As an lifelong animal owner and lover, the safety and comfort of the pets (be they canine, feline, bird, fish, reptile or something else) that bring a unique love and happiness to our lives, has always been of concern.
About three years ago, I discovered the dog park in Sewaren, NJ was not in compliance with State regulations, in regarding to ground cover, drainage, and sanitation conditions. After trying to get the Administration of the Mayor of Woodbridge Township, John McCormac, to correct the offending conditions, it became necessary to enlist the aid of the NJ DEP. As a result of the DEP intervention, it was learned the park was built on its current site in violation of state environmental regulation. The DEP also mandated corrective actions to protect this wetlands area.
After over two years of political stalling and maneuvering by the McCormac Administration, little has actually changed at the dog park. Yes, the township has spent lots of money for consultants to work with the township engineers and NJ DEP personnel. And, yes, the current administration continues to say they are getting ever closer to bringing the park into compliance with state regulation. But how close and just how soon the corrections will be made remains unknown.
Certainly, Hurricane Sandy has not helped the situation, or maybe it has. At least the State and Federal environmental agencies are in Sewaren to clean-up the fuel spill in the Arthur Kill waterway. It would be wonderful if the township could avail itself of the talents and monies that come from those agencies to fix the dog park, along with all the other work that must be done in the area.
Sadly, the story of animal care in Woodbridge Township only worsened with Hurricane Sandy!
The Woodbridge Animal Shelter & Pet Adoption Center, arguably a much needed, but poorly located facility (its site is an old pumping station in a flood prone zone), has suffered major damage from the flooding caused by Hurricane Sandy!
The damage is so bad that many, but apparently not all, the animals had to be moved to other facilities. Fortunately, the Woodbridge Veterinary Group, among others, was able to support the Woodbridge Animal Shelter in caring for many of the animals.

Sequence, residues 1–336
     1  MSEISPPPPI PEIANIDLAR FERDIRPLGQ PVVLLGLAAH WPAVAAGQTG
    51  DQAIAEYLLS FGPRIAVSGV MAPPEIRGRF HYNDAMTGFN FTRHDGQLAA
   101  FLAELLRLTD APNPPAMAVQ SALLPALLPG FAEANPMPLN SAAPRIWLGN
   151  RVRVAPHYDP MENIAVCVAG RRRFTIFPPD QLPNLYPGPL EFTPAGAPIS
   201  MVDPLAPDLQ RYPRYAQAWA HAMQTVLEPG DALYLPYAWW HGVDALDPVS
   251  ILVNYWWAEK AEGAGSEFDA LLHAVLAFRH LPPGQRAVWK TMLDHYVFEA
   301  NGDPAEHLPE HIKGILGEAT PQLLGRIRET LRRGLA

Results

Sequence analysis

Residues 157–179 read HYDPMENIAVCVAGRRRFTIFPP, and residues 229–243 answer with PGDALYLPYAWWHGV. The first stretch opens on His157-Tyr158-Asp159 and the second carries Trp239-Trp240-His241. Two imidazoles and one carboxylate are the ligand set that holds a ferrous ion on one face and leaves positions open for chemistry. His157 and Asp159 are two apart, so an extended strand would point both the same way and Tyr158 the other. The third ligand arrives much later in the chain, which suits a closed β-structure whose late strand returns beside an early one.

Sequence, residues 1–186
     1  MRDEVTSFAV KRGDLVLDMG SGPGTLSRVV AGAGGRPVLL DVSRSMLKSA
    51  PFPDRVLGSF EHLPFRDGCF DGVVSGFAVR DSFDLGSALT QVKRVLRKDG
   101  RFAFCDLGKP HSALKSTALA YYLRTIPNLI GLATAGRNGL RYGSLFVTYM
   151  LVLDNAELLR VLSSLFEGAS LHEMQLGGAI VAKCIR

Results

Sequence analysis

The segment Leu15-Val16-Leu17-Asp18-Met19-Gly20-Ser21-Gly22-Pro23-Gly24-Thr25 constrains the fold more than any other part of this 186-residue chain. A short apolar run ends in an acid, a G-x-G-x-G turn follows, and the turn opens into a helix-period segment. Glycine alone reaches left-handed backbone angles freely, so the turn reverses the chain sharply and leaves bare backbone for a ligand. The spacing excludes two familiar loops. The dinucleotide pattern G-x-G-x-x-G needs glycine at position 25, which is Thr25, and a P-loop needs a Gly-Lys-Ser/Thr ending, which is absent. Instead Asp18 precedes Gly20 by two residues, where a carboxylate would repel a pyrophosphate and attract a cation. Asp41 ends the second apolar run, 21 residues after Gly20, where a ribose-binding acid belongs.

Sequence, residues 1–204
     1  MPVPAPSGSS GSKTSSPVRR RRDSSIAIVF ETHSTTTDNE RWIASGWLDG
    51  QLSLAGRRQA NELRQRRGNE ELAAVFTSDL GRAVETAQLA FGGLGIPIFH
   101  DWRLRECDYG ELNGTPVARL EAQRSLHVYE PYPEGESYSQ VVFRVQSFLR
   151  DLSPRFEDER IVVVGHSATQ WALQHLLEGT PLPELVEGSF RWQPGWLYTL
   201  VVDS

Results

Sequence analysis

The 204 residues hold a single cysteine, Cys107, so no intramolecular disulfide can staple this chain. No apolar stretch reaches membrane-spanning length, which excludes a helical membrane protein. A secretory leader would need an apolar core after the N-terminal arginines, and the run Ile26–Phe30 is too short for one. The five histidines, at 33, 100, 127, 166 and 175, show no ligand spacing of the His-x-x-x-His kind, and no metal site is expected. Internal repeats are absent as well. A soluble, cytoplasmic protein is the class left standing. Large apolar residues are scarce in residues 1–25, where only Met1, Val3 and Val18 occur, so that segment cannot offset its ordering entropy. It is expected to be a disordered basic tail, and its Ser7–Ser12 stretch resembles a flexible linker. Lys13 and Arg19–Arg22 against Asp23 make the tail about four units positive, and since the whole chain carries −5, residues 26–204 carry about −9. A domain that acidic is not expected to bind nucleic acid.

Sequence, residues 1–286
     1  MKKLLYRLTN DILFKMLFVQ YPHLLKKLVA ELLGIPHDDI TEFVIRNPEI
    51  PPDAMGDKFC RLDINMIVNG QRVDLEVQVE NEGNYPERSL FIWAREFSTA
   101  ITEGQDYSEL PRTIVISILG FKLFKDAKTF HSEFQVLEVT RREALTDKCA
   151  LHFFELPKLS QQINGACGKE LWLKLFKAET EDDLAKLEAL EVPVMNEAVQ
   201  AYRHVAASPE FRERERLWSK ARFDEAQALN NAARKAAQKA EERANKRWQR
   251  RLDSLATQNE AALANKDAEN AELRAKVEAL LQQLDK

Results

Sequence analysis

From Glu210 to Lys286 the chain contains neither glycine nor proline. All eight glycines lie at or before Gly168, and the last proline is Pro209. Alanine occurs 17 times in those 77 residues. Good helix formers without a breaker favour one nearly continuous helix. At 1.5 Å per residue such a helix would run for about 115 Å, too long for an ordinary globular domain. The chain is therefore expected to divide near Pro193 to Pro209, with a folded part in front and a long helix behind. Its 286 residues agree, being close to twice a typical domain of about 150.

The Woodbridge Veterinary Group was original planned to handle the township's animal shelter needs, but owing to politics, it was eschewed in favor of its current operation and location.
While visiting the Woodbridge Animal Shelter & Pet Adoption Center on November 5, with donations, it was heartbreaking to see the loss of equipment and the degree of damage done at the shelter. However, it was even worse to see and video (video not provided with this blog)the conditions at the shelter.
While the staff was doing all they could to clean-up the flood damage with the limited chemicals and equipment at their disposal, that effort appeared to be beyond their capabilities. To make matters worse, there were dogs in caged areas on the first floor were debris was still present. There was no heat and the doors were all open because of the chemical fumes and the need for fresh area. The workers were not wearing HAZMAT clothing or equipment. The type of chemicals being used by these well intentioned, but most likely untrained personnel in HAZMAT remediation practices has to be called into consideration.
It is hoped that all who love and care about animals will lend their support to restoring the shelter. It is also hoped the residents of Woodbridge Township, together with the residents of the other communities that entrust the care of their animals to Woodbridge, under shared service agreements, will demand the Woodbridge shelter be relocated be a safer location. As a minimum, the public should call for the NJ DEP, and any other applicable State agencies, to certify the Woodbridge shelter is structurally sound, fit for purpose, and properly disinfected, before human or animal once again occupy the facility.